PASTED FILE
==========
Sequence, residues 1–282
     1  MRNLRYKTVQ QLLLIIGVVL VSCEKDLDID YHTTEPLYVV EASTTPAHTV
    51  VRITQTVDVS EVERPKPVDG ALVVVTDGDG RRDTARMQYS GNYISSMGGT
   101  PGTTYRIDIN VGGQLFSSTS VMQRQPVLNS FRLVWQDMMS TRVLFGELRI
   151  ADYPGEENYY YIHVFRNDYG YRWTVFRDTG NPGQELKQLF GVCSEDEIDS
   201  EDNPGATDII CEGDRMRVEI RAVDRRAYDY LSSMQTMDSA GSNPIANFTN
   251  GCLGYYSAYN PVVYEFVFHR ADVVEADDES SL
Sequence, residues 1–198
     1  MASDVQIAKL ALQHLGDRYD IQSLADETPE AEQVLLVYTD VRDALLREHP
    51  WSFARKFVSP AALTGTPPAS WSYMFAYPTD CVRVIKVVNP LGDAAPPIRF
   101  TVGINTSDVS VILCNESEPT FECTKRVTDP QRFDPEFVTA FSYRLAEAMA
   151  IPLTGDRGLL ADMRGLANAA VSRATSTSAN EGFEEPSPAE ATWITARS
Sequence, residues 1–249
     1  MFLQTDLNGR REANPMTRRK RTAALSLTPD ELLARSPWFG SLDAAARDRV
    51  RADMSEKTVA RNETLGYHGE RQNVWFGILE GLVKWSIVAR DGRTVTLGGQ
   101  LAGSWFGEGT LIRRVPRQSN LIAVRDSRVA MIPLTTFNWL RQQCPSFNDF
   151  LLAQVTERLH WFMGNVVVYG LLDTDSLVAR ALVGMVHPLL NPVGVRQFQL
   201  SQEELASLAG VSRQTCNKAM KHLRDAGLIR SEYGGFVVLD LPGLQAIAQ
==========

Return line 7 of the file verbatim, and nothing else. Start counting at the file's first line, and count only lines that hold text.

   251  GCLGYYSAYN PVVYEFVFHR ADVVEADDES SL